Libidinal Economy was the product of a key moment in history – where many of us believe humanity took a wrong turn – toward post-modernism rather than trans-modernism or hyper-modernism. Along with Capitalism and Schizophrenia, Symbolic Exchange and Death, Living Currency, and a few other manuals for the new world, this pathway was mapped out. Paradoxically Lyotard would write the primary diagnosis of the Postmodern Condition a few years later and proceed to apologize for Libidinal Economy. Thus the contraction began.
As part of the historical record, this was definitely a – if not the – major influence on myself, John Cussans, Simon Thompson, Nick Land, and others in the 80s and 90s in London when we were developing Proto-Accelerationist theory and practice around such institutes and events as Analytica, CCRU, Orphan Drift, Cabinet Gallery, Virtual Futures, Bughouse, Cyberfeminism, Afrofuturism and related. The focus was – and is – on pragmatic machines of life rather than texts and archives: libidinal machines. DIY pragmatics and bricolage bridged punk to the internet for a moment. Read Semiotexte USA. (Who also published Lyotard’s first translation.) Most of us left the academy and dispersed around the world to become practicing artists, engineers, doctors, analysts, activists, teachers – in the liminal spaces of the free market outside institutional capitalism and communism.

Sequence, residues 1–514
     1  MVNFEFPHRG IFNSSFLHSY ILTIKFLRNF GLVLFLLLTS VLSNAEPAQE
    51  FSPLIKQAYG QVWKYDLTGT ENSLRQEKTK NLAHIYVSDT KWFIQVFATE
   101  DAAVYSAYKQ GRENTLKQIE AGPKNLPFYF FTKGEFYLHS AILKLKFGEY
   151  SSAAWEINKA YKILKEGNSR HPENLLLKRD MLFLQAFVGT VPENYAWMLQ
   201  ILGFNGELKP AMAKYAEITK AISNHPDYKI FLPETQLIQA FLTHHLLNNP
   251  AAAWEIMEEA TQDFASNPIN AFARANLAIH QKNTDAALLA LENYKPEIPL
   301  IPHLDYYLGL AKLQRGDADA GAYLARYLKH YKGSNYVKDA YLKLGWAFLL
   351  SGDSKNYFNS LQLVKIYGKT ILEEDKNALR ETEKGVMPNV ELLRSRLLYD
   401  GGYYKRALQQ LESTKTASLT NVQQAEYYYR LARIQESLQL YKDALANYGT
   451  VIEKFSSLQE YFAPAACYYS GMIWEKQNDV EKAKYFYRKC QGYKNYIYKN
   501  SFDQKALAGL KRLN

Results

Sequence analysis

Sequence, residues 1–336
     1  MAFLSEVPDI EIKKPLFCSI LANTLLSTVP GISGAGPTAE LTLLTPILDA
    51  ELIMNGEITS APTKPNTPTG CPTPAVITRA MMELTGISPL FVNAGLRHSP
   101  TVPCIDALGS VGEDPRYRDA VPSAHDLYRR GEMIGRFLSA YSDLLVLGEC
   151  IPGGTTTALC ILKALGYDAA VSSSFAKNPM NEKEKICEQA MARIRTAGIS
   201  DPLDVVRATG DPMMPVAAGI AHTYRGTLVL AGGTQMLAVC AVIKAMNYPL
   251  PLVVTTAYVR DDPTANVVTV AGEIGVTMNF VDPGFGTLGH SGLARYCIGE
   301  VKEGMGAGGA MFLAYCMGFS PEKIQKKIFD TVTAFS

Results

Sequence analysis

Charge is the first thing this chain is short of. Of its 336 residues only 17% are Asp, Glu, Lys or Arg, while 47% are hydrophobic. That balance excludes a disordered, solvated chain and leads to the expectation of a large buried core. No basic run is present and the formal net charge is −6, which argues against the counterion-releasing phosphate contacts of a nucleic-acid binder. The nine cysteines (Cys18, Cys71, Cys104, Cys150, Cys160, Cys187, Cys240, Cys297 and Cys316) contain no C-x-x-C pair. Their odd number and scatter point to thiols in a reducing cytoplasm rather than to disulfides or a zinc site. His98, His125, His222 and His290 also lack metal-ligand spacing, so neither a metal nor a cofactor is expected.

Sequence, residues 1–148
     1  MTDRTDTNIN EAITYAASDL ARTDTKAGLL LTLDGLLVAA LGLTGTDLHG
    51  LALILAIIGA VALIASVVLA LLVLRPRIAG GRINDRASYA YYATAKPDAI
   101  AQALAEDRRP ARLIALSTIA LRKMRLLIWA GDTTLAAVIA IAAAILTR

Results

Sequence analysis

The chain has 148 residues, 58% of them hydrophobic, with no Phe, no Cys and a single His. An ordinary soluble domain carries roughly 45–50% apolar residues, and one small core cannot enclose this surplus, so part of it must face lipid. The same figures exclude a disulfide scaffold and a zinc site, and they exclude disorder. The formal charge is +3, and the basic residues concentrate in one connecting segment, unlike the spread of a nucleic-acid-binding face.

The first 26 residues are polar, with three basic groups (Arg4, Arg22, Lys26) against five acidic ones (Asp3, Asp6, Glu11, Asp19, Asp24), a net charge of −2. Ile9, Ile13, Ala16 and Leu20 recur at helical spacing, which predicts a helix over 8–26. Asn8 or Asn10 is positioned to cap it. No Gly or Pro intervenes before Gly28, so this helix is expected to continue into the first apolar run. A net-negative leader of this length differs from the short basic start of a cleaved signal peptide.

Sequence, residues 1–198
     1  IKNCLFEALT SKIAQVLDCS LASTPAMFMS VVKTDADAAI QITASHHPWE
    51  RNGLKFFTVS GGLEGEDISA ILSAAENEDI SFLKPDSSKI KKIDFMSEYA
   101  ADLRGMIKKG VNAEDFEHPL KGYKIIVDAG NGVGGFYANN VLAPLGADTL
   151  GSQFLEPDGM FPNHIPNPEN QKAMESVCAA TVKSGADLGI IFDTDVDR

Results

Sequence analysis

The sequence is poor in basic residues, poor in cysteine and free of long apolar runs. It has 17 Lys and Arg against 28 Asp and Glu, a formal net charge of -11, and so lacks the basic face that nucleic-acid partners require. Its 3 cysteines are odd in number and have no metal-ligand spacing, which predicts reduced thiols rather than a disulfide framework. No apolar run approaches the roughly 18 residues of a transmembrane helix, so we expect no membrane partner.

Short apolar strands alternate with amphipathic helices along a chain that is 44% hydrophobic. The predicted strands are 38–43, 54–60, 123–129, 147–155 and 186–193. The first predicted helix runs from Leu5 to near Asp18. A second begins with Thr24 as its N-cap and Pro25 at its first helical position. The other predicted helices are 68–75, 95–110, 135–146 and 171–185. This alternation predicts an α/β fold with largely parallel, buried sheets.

It would seem that in the wake of the total stasis of culture, the time is ripe for a return to this moment. Certain millennial analysands confirm this. The key factor being Libido – or “lust for life.” Just as Lacan had recognized the impasse of Desire – Desire as lack, castration, compromise – and returned to the Drive. Heralded by the penultimate little text of Ecrits, On Freud’s Drive and the Desire of the Analyst, the 70s would be spent on the recovery of Drive and celebration of Jouissance not as symptom but as art of life, through a series of obscure seminars and institutional practices contributing to this lost moment. As I was told by one of Lacan’s last analysands, in the later days of his clinic Lacan was interested not in symptom or signification but in “how the analysand organizes his jouissance – with regard to work, play, family, sex, etc.” Sounds simple. But it resonates with Libidinal Economy and its aim.